Thursday, April 9, 2015

A Gentleman's Farm

It wasn't until I moved to the north shore 
of Chicago that I learned about 
gentleman's farms.

This lovely example, 
Elewa Farm, 
is not far from where we live.
I took some of these photos last fall
to share with you.

(And some were borrowed as credited in captions.)

And some additional ones
were taken today -- it's a gloomy
rainy spring day.

Photo Courtesy of Elewa Farm

Here is the formal definition:

gentleman's farm is an extremely small or non-operative farm. 
They are generally small acreages that are not used to produce 
large amounts of food, grain, or livestock for major markets. 
Gentleman's farms are also used as hobby farms, for horse rearing
The gentleman farmer has an independent source of income 
and farms for pleasure rather than for money. 

There are several 
in the suburbs of Chicago 
and it's a treat to visit them. 

The first thing that you notice 
when you stumble upon one of them 
is their beautiful architecture.... 
something I am crazy about. 

 The gentlemen who had them built
had the means to hire talented architects 
to create and plan their farms 
which is why they are especially wonderful. 
Just look at this:

Courtesy of Elewa Farm 

You can see the small farmhouse in the background. It was very rainy today. April showers upon us.

(In my next life, I would like to be an architect.
I adore great architecture 
so much that it affects things like
where we vacation  
for example:
 later Hilton Head --  helloooo Savannah

what road we might take
where we might dine. 

Interesting architecture has caused me 
to be late to appointments,  
to  load up camera images to full capacity, 
and I must confess 
I've even trespassed on private property
to get a great camera shot 
of an old abandoned manse or barn.... 
shame on me, I know.

I've got it bad for this thing called 
Can you relate???

LOVE this place..... so special.

this particular local gentleman's farm
 was taken over by our city in recent years 
and restored
as a public space for the community.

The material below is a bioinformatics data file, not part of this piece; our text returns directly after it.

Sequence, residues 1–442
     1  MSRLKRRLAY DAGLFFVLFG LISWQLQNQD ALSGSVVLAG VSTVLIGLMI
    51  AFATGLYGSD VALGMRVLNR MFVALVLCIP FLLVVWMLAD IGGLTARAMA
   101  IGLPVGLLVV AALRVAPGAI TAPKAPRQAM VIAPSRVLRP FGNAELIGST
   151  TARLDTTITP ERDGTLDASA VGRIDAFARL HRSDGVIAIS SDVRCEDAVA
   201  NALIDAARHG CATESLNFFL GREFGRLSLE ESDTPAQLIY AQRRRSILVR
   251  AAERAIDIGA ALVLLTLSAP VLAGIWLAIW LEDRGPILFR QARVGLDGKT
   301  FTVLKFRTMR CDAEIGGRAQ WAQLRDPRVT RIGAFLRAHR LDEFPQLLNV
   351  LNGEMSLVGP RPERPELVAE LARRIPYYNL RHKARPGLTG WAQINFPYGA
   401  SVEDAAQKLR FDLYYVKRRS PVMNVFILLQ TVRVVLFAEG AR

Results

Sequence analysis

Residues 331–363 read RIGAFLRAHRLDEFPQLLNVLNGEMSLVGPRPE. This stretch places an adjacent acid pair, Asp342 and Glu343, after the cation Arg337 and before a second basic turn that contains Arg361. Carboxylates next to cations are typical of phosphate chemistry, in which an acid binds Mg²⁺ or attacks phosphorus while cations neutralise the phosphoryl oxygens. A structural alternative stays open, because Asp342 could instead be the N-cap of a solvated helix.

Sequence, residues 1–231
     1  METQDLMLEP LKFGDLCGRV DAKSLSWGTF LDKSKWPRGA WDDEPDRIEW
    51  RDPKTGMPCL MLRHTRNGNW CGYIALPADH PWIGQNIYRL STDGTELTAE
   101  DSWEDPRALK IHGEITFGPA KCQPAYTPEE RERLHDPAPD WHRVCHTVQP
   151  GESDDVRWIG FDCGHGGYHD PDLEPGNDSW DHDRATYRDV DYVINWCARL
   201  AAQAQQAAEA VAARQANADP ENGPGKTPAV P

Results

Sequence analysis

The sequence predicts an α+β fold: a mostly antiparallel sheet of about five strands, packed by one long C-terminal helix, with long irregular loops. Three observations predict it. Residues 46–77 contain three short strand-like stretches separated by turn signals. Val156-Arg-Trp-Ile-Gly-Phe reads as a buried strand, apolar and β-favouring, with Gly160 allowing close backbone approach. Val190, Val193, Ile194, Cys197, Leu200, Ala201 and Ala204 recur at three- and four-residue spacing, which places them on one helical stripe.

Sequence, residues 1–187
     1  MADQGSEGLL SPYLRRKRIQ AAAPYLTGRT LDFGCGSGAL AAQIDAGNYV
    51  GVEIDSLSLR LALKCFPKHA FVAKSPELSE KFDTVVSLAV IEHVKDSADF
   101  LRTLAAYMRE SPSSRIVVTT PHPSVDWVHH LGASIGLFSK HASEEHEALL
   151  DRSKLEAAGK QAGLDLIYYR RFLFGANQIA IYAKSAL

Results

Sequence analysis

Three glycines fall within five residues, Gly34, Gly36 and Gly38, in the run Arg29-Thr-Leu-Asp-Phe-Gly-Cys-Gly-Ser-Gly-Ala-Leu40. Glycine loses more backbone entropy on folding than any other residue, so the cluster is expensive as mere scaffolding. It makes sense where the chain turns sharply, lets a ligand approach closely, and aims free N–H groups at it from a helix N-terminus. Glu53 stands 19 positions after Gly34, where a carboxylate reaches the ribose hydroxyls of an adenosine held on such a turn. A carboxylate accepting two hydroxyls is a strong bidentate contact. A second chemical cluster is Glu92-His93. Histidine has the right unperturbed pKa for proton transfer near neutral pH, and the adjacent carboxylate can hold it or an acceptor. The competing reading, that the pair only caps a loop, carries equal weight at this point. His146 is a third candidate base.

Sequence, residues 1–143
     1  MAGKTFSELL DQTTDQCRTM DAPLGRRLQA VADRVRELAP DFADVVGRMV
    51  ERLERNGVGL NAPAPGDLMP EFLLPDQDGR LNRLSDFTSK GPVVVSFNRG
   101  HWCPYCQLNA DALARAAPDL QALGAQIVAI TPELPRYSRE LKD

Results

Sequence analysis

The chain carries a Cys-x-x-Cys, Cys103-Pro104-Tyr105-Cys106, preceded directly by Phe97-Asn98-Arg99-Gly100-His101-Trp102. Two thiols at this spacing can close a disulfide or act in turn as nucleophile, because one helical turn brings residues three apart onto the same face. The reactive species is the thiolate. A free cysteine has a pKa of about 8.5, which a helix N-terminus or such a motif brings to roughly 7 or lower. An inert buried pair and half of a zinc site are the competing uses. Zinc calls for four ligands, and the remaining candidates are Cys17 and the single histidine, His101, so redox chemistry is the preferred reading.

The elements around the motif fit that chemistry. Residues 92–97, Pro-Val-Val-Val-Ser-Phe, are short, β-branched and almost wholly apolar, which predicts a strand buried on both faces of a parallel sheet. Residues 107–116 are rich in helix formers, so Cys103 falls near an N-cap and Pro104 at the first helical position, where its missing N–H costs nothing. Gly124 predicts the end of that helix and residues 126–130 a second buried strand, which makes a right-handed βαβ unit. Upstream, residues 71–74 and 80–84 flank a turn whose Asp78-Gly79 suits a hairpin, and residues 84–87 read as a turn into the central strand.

You can read more about Elewa Farm here. 

The farm has been completely revived and 
transformed for our community to utilize
and to share with generations to come. 
So thrilled that our community was able to save 
and preserve this
special bucolic piece of our town's history.

Courtesy of Elewa Farm 

So tell me,
are there any gentlemens farms 
near you?
Oh, I hope so!


Fairhope Supply Co. said...

How fabulous that your city officials stepped up to help preserve this beautiful place! My Grandfather in North Alabama was said to be a "gentleman farmer," mainly by his daughters who were sent to tend the gardens!

Beautiful photos - thanks for sharing this lovely place.

Sarah said...

Alison, I can totally relate to your love of architecture. I had dreams of studying architecture when I was in high school. It didn't happen, but like you, I'm drawn to interesting architecture. This gentlemen's farm is a charmer. How wonderful that it was rescued and can now be enjoyed by many. You live in such a gorgeous part of the country.
Happy travels to HH. Be sure to go to the Savannah Bee Company. ;-)

Karena Albert said...

Alison I for one ( as a widow) would like to meet one of these inventive and tasteful gentleman farmers. I am very impressed with these farms!

The Arts by Karena
Artist Nathaniel Galko

Karen said...

Hi Alison,
Yes, I love architecture. I too think I would love to have majored in it.
What an amazing building farm this is.
How fun to have a beautiful bullring to view on your drive around your community.

Pura Vida said...

I can really relate. I love architecture so much I think because we have so little in our area. We are poor dirt farmers living in dugouts

The enchanted home said...

Incredible Alison!!!!! love that the community had a part in keeping this alive...that is heartwarming and NEEDS to happen in all parts of our country, seeing this post made me so happy!

Rebecca said...

Your love/appreciation for architecture shows! So enjoyed your photos here.

No gentlemen farmers around here that I know of - but plenty of Amish farms. Fascinating in their own way. I NEVER tire of seeing their horses at rest or work, lines of clothes drying, well-tended gardens, and the clean, crisp houses & barns, etc.

Lord Cowell said...

I love the symmetry and all the little turrets and cupolas. What a pretty farm!

Gail Peterson said...

Hi Alison,
Thank you for shring this information, I learned something intersting and I love the farmers story...
Their farm is quite beautiful and hope the family keeps it for generations.

Enjoy a beautiful Spring!